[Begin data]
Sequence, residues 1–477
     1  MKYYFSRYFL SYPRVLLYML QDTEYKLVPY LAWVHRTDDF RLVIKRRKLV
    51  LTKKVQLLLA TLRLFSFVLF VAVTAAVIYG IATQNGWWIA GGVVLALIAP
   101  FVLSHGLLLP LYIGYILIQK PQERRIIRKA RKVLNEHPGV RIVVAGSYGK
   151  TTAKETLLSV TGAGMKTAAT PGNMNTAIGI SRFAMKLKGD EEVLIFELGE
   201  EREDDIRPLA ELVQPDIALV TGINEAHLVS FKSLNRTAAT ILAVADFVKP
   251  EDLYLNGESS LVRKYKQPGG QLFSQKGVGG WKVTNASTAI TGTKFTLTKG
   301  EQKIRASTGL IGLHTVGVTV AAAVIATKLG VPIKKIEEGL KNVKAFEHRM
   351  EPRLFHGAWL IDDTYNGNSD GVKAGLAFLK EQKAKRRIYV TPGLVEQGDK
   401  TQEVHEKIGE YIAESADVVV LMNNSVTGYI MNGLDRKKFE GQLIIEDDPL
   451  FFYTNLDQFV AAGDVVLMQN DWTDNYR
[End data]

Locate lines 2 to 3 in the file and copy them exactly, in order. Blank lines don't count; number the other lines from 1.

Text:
     1  MKYYFSRYFL SYPRVLLYML QDTEYKLVPY LAWVHRTDDF RLVIKRRKLV
    51  LTKKVQLLLA TLRLFSFVLF VAVTAAVIYG IATQNGWWIA GGVVLALIAP